Climate science book suggestions
February 14, 2010 6:24 PM   Subscribe

Help me counter-snark my climate-change-denying uncle.

I just completed my B.S. degree in Environmental Science, and as a gift my uncle sent me a copy of Michael Crichton's "State of Fear." I'd like to send him something in return, but I haven't read anything in the climate science realm since The Weather Makers. What book do you think best explains the current state of the science with regard to climate change? Keep in mind that he is decidedly a non-expert, so something with a popular focus – perhaps even one aimed at stubborn deniers – would be ideal. Thanks!
posted by dondiego87 to Science & Nature (26 answers total) 5 users marked this as a favorite
Even if you were to find a book that serves as the perfect counterpoint to the one he sent you, do you honestly think he'll read it? I'd politely thank him for the book and forget about it, in the interest of keeping family drama levels at a manageable level.
posted by scarykarrey at 6:27 PM on February 14, 2010

If he's not conservative politically, try sending him An Inconvenient Truth . I think this will probably be your best shot for something that's easily accessible and for non-experts.
posted by astapasta24 at 6:30 PM on February 14, 2010 [1 favorite]

At first I was going to say that you should just ignore him because you have to be a willful contrarian to be a climate change skeptic, but this article mentions some books on the theme "why do smart people believe stupid things?" so you might want to give it a look!
posted by BuddhaInABucket at 6:33 PM on February 14, 2010

Unless it was accompanied by a jocular note referencing an inside joke the two of yo share, his "gift" to you was really just two words rhyming with "duck shoe". I'd send him the same or just ignore it.
posted by DU at 6:39 PM on February 14, 2010 [2 favorites]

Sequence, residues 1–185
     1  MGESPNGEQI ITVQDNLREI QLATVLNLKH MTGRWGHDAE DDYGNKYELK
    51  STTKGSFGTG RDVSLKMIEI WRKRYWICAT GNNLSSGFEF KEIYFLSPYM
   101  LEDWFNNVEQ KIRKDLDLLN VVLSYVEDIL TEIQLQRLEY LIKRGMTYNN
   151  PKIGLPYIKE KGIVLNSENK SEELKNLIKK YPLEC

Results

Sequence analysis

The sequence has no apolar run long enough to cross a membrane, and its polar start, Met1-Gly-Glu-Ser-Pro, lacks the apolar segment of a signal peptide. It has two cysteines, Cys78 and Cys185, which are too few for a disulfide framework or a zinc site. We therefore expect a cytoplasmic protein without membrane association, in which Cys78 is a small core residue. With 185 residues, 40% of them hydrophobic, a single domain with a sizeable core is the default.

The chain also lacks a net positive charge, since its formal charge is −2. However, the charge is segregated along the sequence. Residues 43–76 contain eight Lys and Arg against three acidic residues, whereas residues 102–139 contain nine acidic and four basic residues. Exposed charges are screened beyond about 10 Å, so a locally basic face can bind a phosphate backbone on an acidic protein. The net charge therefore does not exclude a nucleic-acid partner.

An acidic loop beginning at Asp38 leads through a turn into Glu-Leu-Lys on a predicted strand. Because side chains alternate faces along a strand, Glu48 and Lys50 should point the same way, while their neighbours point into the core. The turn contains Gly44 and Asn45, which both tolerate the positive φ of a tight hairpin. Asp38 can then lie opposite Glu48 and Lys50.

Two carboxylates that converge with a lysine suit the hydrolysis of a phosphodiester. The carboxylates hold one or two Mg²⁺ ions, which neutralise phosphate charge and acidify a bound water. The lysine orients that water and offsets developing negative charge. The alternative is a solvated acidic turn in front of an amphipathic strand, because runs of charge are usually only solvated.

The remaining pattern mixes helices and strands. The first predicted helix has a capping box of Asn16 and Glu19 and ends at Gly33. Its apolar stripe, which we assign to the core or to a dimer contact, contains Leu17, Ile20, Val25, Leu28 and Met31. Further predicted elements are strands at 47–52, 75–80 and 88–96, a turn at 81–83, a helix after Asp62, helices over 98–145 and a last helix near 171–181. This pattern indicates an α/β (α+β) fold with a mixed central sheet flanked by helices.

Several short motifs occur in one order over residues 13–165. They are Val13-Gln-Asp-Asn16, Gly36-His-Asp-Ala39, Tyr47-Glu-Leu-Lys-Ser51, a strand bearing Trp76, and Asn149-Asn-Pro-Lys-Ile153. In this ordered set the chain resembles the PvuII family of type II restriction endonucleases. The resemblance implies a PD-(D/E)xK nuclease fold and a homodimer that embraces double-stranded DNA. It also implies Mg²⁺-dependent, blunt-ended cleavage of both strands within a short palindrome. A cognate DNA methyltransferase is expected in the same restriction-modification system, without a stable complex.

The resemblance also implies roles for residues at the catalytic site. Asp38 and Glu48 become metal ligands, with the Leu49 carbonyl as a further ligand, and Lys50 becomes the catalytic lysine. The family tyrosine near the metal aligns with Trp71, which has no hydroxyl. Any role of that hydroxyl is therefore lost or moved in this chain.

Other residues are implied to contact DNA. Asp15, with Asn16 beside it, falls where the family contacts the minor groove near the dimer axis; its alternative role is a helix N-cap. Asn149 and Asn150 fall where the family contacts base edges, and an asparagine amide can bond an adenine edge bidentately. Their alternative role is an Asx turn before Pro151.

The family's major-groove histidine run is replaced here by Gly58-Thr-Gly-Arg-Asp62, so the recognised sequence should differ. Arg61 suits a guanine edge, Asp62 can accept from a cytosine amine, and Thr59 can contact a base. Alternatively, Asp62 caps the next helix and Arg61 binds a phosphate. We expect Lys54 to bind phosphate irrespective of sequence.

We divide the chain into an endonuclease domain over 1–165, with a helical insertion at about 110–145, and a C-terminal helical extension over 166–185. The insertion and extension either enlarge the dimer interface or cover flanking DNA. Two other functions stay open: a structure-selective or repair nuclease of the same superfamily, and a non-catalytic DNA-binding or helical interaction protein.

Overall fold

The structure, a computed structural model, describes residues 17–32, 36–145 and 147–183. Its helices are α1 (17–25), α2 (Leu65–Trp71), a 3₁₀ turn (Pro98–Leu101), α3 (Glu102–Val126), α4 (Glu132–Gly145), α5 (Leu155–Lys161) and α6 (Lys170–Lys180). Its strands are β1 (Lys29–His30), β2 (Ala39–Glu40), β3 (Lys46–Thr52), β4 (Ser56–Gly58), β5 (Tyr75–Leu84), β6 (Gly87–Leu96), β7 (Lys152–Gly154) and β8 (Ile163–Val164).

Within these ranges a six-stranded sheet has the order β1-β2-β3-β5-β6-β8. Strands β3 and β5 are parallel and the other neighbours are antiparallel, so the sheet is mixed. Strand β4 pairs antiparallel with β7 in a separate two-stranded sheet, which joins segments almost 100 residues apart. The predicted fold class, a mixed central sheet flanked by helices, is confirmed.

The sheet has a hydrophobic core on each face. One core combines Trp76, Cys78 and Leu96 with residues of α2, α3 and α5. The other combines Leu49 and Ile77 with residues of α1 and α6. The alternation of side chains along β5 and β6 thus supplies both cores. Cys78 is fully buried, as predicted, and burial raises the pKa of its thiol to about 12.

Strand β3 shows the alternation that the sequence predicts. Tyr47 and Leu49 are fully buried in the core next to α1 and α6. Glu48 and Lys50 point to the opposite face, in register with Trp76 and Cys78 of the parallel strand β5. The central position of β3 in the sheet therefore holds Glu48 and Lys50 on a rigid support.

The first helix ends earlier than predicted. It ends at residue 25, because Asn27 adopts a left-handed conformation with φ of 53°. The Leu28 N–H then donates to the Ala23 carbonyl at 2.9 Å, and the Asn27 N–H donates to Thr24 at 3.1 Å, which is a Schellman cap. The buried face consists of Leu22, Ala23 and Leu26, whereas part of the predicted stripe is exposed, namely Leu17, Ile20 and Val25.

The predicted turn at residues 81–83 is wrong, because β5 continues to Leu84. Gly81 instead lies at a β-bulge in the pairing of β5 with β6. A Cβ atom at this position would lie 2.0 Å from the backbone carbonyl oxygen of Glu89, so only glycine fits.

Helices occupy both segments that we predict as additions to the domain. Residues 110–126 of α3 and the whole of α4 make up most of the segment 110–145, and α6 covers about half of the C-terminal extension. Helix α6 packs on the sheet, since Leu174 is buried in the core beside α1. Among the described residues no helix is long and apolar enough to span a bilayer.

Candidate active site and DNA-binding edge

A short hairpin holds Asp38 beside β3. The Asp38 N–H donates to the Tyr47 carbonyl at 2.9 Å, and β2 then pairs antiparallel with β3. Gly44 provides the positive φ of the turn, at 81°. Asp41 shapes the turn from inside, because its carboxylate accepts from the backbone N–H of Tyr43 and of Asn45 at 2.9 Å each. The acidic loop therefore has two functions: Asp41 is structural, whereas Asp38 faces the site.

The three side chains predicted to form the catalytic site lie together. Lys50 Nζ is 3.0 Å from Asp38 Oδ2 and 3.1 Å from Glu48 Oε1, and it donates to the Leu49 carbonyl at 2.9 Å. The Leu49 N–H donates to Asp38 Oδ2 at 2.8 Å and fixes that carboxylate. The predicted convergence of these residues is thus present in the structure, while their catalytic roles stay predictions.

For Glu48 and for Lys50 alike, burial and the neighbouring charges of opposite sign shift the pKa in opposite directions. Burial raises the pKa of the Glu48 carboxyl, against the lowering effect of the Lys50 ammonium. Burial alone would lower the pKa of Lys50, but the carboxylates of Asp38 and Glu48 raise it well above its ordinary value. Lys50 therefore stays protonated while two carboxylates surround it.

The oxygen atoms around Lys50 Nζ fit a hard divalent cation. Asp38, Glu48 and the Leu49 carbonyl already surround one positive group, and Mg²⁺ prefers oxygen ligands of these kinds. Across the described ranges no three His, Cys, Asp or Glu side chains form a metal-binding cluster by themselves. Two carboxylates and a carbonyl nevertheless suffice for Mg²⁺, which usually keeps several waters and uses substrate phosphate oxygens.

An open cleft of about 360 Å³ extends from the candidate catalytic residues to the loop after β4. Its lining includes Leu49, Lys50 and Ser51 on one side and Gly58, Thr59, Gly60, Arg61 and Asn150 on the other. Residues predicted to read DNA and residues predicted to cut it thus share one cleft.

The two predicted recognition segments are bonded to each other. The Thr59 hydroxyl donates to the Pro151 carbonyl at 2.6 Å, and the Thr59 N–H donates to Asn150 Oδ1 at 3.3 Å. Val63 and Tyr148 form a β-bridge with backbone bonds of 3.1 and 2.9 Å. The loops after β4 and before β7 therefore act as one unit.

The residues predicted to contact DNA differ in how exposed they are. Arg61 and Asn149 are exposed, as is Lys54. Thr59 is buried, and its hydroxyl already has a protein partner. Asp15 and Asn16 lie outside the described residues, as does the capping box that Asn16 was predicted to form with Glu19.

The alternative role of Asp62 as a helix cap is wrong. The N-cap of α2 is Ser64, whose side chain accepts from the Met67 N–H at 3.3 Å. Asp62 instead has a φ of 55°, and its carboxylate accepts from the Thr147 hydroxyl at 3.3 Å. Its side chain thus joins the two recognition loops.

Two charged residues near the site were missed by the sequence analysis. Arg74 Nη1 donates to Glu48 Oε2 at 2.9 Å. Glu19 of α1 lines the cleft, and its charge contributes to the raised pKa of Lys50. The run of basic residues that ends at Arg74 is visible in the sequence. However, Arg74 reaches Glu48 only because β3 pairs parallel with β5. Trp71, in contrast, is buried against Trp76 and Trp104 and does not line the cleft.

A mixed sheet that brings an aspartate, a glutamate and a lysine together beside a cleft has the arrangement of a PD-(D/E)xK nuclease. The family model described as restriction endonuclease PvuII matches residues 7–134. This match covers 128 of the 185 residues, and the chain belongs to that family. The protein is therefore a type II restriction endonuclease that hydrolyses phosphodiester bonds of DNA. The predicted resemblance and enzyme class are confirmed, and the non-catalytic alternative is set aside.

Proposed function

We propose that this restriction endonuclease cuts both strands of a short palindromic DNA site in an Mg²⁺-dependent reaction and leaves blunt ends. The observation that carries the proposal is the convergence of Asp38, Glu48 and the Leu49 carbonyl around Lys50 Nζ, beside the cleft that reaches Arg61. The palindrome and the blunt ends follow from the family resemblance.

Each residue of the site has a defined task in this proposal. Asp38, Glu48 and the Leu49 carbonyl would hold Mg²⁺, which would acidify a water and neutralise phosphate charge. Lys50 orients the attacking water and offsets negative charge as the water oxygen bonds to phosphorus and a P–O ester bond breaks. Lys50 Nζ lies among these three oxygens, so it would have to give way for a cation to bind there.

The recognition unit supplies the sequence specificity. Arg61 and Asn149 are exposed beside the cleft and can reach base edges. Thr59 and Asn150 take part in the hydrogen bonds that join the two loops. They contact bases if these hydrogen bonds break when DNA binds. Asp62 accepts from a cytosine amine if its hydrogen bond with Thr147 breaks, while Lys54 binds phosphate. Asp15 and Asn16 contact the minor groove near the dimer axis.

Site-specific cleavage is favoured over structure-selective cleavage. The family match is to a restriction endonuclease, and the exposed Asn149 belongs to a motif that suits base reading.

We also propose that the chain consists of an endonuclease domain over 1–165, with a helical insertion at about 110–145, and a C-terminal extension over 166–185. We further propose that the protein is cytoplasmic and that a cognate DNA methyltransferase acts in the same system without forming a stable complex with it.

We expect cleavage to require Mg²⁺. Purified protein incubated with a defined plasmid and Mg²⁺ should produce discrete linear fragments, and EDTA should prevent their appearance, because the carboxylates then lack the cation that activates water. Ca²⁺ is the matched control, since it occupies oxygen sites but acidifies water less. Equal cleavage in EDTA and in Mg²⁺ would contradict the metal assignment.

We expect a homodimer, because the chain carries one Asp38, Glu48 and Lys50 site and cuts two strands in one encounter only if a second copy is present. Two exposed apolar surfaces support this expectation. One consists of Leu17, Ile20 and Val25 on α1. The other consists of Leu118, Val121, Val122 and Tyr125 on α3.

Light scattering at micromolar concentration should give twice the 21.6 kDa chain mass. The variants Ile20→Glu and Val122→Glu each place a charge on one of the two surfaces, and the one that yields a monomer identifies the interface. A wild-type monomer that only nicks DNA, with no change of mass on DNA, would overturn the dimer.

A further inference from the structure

the current state of the science

Folks on your uncle's side created/believe/perpetuate the myth that the scientific community is divided on climate change, or at least that a substantial minority of legitimate scientific researchers have findings that counter the evidence for climate change. Political beliefs drive them to question/oppose the idea of climate change, so they assume/accuse the other side of having political motives, rather than scientific data, for promoting the idea.

You could take a different approach: send him a novel you like, and inscribe it "Here's another entertaining work of fiction."
posted by Meg_Murry at 6:39 PM on February 14, 2010 [8 favorites]

Re the book: I'd say "Thanks, that was hilarious."

In general: for most of the USA this month, you could just start every conversation with "So how's this perfectly typical weather treating you?"
posted by rokusan at 6:44 PM on February 14, 2010 [1 favorite]

I dunno that it's worth giving a shit about; to me, such a gift would say "Wow, not only is my uncle wrong on this topic, but he's an asshole. Glad I found out before I had to deal with him in person."

Congrats on your degree.
posted by fairytale of los angeles at 6:44 PM on February 14, 2010

I'd leave this one alone. I don't know the man, but just consider the fact that he may actually think you'd enjoy the book. Not as some thought-provoking work, but just an interesting potboiler. Maybe he's not very good at the gift-giving thing.

"Hey, he's really into that environment stuff. Here's a paperback thriller with an environmental theme. It's by that guy that wrote Jurassic Park, and everyone liked that movie, so..."

In other words, he might not be saying "screw you," and instead be thinking, "here's something you might think is fun."
posted by Cool Papa Bell at 6:46 PM on February 14, 2010 [4 favorites]

I don't think you are required to avoid reading books you don't personally agree with. Reading contrary views is sometimes seen as evidence of a well-rounded world view, and if you really are vehemently for or against something, it's best to know your enemy.

Is it even remotely possible that your uncle thought this book would simply be interesting to you on some level, and he's not trying to make a political statement?
posted by sageleaf at 6:52 PM on February 14, 2010 [2 favorites]